Federer After Tennis – A Graceful Settling

What has Roger Federer been doing?

If you imagine a professional athlete suddenly coming to a halt, it might conjure images of despair and loss.

We’re all wondering where tennis would be without Federer, but how is Federer coping in life without tennis?

It seems, however, that Federer has made an easy transition.

During his career, he built an ecosystem around his tennis life – a family, charity work, appearances, sponsorships, and leisure.

Instead of languishing in inactivity, Federer has characteristically stepped into a different world with grace. Where there was always an air of relaxation and assuredness about Federer on-court, it has seamlessly continued into his non-career activities.

But towards the end of his professional life, there were perhaps moments of difficulty and tension.

Restarting his competitive game was a challenge in itself. The critical issue was movement – ​​Federer possessed the coordination, natural talent and strokes to beat his opponents, with a vast personal historical memory of tactics and strategy.

The ultimate bank of tennis information, generated from over a thousand matches. Yet his footwork and movement would always be the sticking point.

Time and time again, Federer would attempt a return to the professional circuit, only to be cut short by the ravages of time on a body that had been playing tennis since he was a boy.

Eagerly I awaited his Doha comeback in 2021, expecting history to come full circle in a renaissance like 2017.

After a sterling first-round match against Dan Evans but then being defeated by Nikoloz Basilashviliit was clear that something was not right.

federer french open 2021

Later at Roland Garros, Federer would put in an energetic and bullish performance at the 2021 French Open.

Despite the lengthy exchanges and brutalizing rallies of clay court tennis, his game fizzed with the usual creativity, using lobs, volleys, drop shots and half volleys to get to the round of 16, but then pulled out.

His Wimbledon quarter-final loss would be the most difficult for fans to realize, being defeated by Hubert Hurkacz in the third set to love. A bizarre scoreline for a man who was undoubtedly still the king of Wimbledon.

At the 2022 Laver Cup in London, Federer officially retired from the sport.

Instead of the end of his career being just a moment of sadness – which it, of course, was – perhaps as well, there was a sense of relief.

If Federer could no longer compete in the main tournaments, why not go along with it? What was so bad about not playing professionally after all?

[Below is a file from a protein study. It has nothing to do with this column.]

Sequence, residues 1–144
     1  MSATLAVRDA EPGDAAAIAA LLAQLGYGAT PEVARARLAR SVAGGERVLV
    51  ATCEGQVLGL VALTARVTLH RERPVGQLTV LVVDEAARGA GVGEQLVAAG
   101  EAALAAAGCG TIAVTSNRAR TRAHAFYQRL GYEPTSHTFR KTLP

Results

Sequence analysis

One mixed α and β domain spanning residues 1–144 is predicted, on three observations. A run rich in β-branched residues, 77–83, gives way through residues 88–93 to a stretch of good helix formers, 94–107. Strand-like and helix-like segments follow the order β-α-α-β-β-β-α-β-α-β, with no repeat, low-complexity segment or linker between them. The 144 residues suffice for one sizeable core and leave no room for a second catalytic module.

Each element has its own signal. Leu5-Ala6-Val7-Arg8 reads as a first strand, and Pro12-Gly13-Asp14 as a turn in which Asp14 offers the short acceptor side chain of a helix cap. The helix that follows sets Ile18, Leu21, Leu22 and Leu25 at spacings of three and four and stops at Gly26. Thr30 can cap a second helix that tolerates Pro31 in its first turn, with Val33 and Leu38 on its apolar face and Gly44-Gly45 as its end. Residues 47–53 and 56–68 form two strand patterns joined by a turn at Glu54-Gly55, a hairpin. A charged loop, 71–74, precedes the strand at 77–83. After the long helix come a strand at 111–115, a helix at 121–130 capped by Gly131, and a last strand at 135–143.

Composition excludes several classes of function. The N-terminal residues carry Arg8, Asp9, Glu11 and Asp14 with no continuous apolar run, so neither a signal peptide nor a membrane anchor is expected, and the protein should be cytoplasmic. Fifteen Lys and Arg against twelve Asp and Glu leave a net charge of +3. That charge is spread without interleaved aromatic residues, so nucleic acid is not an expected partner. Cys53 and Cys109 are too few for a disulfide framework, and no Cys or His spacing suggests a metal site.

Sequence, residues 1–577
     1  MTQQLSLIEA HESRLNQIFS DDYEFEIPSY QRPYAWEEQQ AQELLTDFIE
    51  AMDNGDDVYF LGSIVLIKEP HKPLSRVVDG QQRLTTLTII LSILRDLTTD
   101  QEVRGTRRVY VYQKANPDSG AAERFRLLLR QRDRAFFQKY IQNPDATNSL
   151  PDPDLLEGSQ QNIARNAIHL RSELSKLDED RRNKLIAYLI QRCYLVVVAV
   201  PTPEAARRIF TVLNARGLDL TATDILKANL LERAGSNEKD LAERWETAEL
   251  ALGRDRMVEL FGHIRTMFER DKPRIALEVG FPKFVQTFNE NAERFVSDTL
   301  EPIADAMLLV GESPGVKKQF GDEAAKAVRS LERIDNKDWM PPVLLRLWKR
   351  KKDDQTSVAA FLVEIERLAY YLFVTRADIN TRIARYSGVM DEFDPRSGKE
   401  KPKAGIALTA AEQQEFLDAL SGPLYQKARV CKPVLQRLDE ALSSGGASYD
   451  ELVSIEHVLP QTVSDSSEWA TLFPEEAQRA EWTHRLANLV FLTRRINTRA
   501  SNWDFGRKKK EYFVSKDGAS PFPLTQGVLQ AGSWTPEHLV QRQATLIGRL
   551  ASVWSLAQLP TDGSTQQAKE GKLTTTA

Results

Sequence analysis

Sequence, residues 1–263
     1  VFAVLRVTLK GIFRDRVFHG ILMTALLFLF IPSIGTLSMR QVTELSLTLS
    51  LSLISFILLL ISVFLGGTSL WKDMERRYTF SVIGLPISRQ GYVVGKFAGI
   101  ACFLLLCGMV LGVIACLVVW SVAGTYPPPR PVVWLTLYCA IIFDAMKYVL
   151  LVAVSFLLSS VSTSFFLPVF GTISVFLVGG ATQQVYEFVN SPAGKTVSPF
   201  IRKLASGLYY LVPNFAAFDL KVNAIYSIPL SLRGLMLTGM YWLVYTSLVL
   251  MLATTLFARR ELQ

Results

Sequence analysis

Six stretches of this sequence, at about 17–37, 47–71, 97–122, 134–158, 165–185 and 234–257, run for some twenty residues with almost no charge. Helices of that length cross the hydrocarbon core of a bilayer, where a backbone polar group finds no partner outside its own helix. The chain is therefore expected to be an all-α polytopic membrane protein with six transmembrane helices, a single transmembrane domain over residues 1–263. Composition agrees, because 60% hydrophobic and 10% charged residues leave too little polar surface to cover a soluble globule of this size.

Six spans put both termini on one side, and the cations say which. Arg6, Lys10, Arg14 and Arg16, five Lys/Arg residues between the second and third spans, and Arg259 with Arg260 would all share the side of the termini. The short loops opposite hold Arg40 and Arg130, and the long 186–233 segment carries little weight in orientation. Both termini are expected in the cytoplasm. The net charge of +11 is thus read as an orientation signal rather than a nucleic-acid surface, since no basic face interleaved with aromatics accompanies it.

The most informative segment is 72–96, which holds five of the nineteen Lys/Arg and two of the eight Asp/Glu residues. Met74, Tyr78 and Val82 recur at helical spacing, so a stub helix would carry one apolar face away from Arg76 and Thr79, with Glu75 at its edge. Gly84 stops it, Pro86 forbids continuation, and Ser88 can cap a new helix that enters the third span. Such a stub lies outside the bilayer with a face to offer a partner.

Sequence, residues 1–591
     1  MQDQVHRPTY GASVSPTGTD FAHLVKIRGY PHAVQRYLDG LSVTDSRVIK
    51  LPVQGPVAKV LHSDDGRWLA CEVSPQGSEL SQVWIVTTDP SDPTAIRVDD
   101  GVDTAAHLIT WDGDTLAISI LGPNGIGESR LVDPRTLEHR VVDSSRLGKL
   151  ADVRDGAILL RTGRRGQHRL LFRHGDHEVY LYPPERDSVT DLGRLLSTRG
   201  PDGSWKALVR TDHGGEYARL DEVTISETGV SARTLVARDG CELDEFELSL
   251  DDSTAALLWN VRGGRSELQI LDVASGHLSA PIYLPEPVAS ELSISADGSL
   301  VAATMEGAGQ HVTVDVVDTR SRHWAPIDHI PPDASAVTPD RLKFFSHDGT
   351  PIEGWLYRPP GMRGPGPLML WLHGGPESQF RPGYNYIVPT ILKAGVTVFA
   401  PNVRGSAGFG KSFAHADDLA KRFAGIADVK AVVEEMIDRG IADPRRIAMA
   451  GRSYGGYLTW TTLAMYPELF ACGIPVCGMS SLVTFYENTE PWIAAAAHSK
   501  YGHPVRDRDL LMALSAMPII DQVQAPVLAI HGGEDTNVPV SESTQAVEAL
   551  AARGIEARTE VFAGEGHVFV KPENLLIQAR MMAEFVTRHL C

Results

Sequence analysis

Federer had achieved what he set out to do – to become a grand slam champion but ended up multiplying the feat (and his scope for ambition) twenty times over. If he had indeed led a career well played, was it terrible to end up in the bosom of his family, enjoying retirement?

To all intents and purposes, retirement has seemed pleasing and bright.

While Federer is no longer on tour, he has continued exhibition tennis, appearing in Tokyo for the November 2022 Uniqlo LifeWear day.

The special event featured Roger Federer and Kei Nishikori as brand ambassadors, using their time to put on a playful match and coach children. The event’s main focus was to help nurture the younger generations of Japan by showing them the excellent conduct and values ​​of professional athletes.

A smiling Federer was greeted by an exhibition of himself, slices of his history, intercut with the apparel of Uniqlo tennis gear he had worn just a few months before.

Later on, with continuing travel to be a significant part of Federer’s life, he headed for a trip to London.

Instead of Wimbledon being a sore point for Federer, he embraced his past glory and returned to the tournament grounds.

Crucially, he observed the Gentlemen’s Singles Trophy in all its splendor. “Nice to see you again” were Federer’s comforting words. The All England Club and its prize remained treasured rather than tortuous relics of its last competitive outing.

Federer has also spent time with his team, as he was spotted playing padel with his ex-coach and friend, Severin Luthi.

federer luthi padel

While the game has sometimes been viewed as a feared rival to tennis – an activity that could drain players away from the older sport – it is no surprise Federer has given it a go, with an emphasis on volleying and placement.

In the end, Federer has one more lesson for us all. Why resist change when we could accept it? The great man has found joy in embracing his retirement – and so should we.

Have your feelings changed now that it’s been months after his last match at the Laver Cup? What else do you think Federer will enjoy and get on with in his retirement? Leave your comments below.

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